The cultural context for "wives, submit yourselves to your husbands" is from a time when women were understood to be property, given away and traded in marriage, and were indeed less important in society than men. Knowing that, what the writer to the Ephesians does is actually take a step forward for the dignity of women when he says "husbands, love your wives, just as Christ loved the Church and gave himself up for her."

The bigger issue is how do we interpret Scripture?

In the Anglican approach is: Scripture, Tradition, Reason and Experience.

We read Scripture in the context of a living tradition that has formed the Bible as we now have it, the same living tradition that continues to handle and interpret the Scriptures in every generation. Our use of reason is a very important aspect of how we interpret Scripture - what we teach from Scripture has to be reasonable. And Experience is the final component that we apply in our approach to Scripture. How does our human experience inform our understanding of Sacred Scripture?

Even with this approach, we still have two options to choose from when it comes to difficult teaching – Scriptural teaching that we don’t understand or agree with.

The first choice is to dismiss it (like those in the Gospel today) and throw it out as meaningless or irrelevant. The other choice we have is to struggle with the teaching or issue. St.Augustine of Hippo, in his book “On Christian Doctrine,” encourages this struggle with difficult Biblical teaching.

We need to come to terms with the truth that it is only in struggling with the Biblical issues, in the light of the teaching tradition of the Church, and coupled with reason and experience, that the Holy Spirit will lead us into the fullness of Christian Truth.”

The easy choice is to dismiss it, the mature and life-giving choice is to struggle with it.

For those of us who can struggle with and accept the words of Jesus, be gripped by His Love and can enter into relationship with Him, we can say with Peter 

“Lord, to whom shall we go? You have the words of eternal life. We have come to believe and know that you are the Holy One of God.”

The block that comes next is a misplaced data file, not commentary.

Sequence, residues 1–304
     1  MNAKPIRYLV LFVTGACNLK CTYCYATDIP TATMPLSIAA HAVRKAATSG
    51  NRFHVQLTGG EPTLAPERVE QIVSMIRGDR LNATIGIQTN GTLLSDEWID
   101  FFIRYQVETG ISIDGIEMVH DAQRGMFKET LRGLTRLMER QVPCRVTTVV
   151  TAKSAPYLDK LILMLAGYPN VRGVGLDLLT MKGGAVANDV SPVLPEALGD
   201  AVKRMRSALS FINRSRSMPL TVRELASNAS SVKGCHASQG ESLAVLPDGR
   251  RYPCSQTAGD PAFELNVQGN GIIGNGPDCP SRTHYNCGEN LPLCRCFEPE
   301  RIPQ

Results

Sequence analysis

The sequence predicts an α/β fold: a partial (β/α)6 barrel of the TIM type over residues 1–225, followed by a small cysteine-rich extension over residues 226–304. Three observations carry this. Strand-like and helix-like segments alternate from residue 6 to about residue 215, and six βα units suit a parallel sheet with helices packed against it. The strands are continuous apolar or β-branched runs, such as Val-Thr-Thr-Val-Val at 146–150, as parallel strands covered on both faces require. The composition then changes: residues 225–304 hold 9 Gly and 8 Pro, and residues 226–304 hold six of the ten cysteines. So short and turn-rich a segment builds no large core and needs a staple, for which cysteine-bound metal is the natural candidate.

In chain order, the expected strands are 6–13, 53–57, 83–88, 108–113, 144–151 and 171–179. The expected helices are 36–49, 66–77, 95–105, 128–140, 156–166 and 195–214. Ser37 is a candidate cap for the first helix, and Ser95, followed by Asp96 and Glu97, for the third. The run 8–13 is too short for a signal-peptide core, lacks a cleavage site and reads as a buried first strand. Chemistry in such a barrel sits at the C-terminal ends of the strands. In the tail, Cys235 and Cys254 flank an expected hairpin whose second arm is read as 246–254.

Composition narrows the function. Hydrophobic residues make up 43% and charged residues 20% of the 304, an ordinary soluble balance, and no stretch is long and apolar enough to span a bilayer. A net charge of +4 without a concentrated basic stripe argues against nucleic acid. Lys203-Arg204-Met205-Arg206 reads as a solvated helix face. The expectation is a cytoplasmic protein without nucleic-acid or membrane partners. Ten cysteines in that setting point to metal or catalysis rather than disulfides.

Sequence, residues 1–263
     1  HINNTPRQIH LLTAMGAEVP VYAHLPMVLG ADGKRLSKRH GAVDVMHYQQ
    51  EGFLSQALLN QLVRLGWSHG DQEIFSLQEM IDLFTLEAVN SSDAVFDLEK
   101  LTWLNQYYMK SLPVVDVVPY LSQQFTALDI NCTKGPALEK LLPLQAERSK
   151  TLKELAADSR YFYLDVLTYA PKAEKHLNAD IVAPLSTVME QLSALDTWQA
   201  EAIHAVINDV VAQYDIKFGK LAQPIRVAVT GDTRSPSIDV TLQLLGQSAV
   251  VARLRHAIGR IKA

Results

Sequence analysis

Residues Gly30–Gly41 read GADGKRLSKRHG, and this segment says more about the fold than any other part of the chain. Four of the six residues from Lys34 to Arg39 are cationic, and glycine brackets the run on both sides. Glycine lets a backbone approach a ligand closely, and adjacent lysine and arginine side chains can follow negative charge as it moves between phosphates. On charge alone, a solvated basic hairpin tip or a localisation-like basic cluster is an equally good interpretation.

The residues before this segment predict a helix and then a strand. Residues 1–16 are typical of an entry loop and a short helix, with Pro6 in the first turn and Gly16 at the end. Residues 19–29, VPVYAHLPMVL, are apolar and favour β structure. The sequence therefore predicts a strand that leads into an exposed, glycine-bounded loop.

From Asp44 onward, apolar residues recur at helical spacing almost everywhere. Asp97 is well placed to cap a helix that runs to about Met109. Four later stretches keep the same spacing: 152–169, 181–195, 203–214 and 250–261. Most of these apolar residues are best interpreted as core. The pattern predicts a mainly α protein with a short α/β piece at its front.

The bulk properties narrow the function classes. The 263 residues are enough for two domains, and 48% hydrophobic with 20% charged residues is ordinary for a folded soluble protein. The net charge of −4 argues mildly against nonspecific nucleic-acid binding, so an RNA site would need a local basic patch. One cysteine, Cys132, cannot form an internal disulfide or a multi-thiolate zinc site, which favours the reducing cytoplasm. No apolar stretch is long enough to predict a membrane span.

Sunday, 19 August 2012

Food for Life

In order for us to live healthy and balanced and satisfying lives, there are so many areas of the human makeup that needs to be properly fed and nourished. We have biological, psychological, sociological, financial needs that have to be met. 

Yet the greatest area of the human experience that must be discovered and properly nourished is the foundational Life that we are.

Today the Church is continuing to reflect on the “Bread of Life” sayings of  John’s Gospel (6:51-58).

“unless you eat the flesh of the Son of Man and drink his blood, you do not have life within you.”
“whoever eats my flesh and drinks my blood has eternal life, and I will raise him up on the last day”
“For my flesh is true food and my blood is true drink”
“Whoever eats my flesh and drinks my blood REMAINS in me and I in him”
“…the one who feeds on me will have life because of me”

Do you want a more full and meaningful life? 
Then we need to ask the question …

What does it mean to “Remain” in Christ? 
In other words, what does it mean to remain in "Life?"

What does it mean to remain in Christ, return to Christ, come back to Christ, long for Christ, desire Christ, hunger for Christ, thirst for Christ?

When we are not consciously in Christ, not AWARE of the Loving Divine Life that we share, then we are actually less alive.

That is to say, when Divine Life – the living Word of God, the Love that is God – is not at the center of our consciousness, we are in fact spiritually less alive.

When we REMAIN in Him – with His Word on our minds and His love in our hearts - we are more awake, free and alive.

This is a fundamental truth of Christian living.